Saturday, March 29, 2014

Advocating for Our Children

Learning to advocate for Caleb has taken many years and many different trials.

The advocating began with Caleb's doctors. Twice in Caleb's seventeen years we
have had to change doctors in order to better meet his needs.

The first time we were choosing a course of treatment that our local doctor felt
strongly against. In order to proceed with what we thought best for Caleb, we had
to choose a new pulmonologist. We had been working with this doctor for
almost two years, so leaving felt like a betrayal. I was nervous to call him and tell
him we were switching, but I felt it only fair to give him an explanation. He listened
and cautioned again against the course of action we were taking; he then agreed that a
different doctor would need to be put into place as he was not comfortable proceeding
with our choice of treatment. This was the first time we had to make a choice
contrary to that of a trained professional, and it felt like we were taking a big risk.  What if the course of action that we were choosing turned out to be wrong?  What if this doctor was correct?

The second doctor wasn't quite so agreeable when we left. Caleb had developed kidney stones, and we needed to receive treatment from a Urologist.  Caleb has a very high tolerance for pain, so after the doctor had placed stents for Caleb’s kidney stones and instead of improving, he was still doubled over in pain, I knew something needed to be done. After several calls to the doctor over the course of a week with no response, I decided to switch doctors. This was tricky because I didn't know if I would be able
to find another doctor that was willing to take our case in the middle of treatment. Thankfully, we did find another Urologist who was willing to follow Caleb.  I do not normally call and file complaints, but because the first doctor had been so negligent, this time I did. I expected to receive a call back from the doctor's supervisor but was not prepared to hear from the doctor himself. He called and proceeded to yell at me and let me know how upset he was that I had reported him. I was shaking when I got off the phone, angry at the injustice of his attack and at the reality that it had taken a filed complaint to finally receive a personal response from him. But I also knew, at that moment, that I had made the right decision for Caleb, and I was glad I had taken action for him.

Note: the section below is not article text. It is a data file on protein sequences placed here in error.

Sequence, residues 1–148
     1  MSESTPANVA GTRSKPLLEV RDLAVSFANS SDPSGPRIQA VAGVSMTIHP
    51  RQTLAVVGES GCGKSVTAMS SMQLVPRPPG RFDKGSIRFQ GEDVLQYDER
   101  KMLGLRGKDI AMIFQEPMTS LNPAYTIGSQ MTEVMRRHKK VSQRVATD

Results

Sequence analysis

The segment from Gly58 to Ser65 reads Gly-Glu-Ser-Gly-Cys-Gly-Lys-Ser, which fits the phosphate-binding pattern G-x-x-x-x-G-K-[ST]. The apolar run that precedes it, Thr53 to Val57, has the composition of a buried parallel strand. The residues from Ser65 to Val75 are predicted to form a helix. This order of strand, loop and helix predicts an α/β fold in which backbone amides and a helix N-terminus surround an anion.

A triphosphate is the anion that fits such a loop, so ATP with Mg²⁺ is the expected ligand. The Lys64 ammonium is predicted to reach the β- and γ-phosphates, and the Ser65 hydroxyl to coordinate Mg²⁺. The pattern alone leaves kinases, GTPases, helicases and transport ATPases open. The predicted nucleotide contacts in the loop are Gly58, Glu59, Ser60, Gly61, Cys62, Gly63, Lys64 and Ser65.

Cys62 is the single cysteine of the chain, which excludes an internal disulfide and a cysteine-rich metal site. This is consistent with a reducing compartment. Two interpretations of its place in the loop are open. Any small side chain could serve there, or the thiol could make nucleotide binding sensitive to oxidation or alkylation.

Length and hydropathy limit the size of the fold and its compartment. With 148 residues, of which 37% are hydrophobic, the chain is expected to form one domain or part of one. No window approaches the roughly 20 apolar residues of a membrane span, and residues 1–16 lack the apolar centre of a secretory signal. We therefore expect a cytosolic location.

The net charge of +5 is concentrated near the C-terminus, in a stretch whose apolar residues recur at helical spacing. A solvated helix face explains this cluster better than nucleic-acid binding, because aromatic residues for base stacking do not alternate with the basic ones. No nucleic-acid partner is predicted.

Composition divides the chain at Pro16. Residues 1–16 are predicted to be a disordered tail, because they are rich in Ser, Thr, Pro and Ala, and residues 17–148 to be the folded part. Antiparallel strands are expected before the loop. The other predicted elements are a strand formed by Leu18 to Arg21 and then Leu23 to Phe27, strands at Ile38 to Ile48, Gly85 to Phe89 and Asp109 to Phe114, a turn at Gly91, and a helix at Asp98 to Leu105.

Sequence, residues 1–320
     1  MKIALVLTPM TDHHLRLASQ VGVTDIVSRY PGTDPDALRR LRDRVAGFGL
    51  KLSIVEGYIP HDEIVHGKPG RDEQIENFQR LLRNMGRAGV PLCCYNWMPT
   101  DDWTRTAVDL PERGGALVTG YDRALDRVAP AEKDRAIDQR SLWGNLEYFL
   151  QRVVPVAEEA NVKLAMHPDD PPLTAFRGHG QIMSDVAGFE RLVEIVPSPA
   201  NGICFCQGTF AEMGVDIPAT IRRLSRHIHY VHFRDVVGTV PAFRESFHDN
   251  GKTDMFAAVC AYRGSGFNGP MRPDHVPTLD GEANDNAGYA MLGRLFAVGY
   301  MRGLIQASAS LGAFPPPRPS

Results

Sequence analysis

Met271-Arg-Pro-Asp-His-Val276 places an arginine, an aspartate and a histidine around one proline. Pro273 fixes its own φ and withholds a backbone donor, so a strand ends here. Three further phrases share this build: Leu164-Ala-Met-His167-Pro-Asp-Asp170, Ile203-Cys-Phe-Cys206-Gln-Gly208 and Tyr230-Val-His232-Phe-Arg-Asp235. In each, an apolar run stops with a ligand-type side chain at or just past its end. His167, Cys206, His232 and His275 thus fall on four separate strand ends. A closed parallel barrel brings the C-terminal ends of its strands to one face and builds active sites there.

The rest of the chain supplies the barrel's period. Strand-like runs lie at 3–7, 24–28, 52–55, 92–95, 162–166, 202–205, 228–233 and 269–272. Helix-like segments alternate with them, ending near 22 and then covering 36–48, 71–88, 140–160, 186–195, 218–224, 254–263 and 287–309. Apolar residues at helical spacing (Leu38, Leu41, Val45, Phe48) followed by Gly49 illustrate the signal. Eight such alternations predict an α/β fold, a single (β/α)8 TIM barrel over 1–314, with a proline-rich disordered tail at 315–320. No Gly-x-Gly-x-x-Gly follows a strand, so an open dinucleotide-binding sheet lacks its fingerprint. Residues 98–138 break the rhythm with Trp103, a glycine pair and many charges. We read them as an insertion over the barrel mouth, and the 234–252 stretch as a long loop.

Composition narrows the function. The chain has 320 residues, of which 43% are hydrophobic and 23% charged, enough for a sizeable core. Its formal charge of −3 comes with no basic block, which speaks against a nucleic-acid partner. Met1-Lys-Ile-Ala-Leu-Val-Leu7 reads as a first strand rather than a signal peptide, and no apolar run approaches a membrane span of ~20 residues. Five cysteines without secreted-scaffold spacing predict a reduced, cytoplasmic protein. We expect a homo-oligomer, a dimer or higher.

We have also frequently had to advocate for Caleb in regard to his nurses. Ninety-
five percent of the nurses that we have had have been amazing - truly God sends. But
just like any other profession, there are those that shouldn't be doing what they are
doing. The easiest nurses to let go were the ones employed through an agency. For
those, I just had to call the agency and tell them not to send the nurse back. Of course,
this often meant that we were without a nurse for a week or more, but sometimes it
needed to be done. The most difficult time to let a nurse go was when she had fallen
asleep on the job. After waking the nurse and often times debating with her that,"Yes,
you truly were sleeping,” we would have to ask her to leave. I would like to say that
we immediately released these nurses, but sometimes we gave them several more
chances. I look back and cringe at the thought that we were putting Caleb's life at risk
because we were unwilling or unable to get up the courage to let the nurse go. Firing
a nurse was so hard because she had usually been with us for several months and we
had developed a relationship with her. Eventually we realized that we had to look out
for Caleb's best interest first, but it was never easy to cut these ties.

All parents must advocate for their children. We all have to deal with teachers,doctors, coaches, etc. Even though advocating for my children often makes me nervous, I have improved at it over the years. Here are a few insights that have made the advocating more effective.
  •  I am the only advocate my child has. He cannot advocate for himself. This knowledge is often enough to give me the courage I need to proceed when I would rather stay quiet.
  • I approach the individual(s) that I need to confront with dignity and respect. Often I end up discovering that we are all trying to do what is best for my child but are going about it in different ways. At times we can come to an agreement, but at other times I will need to proceed with a different plan.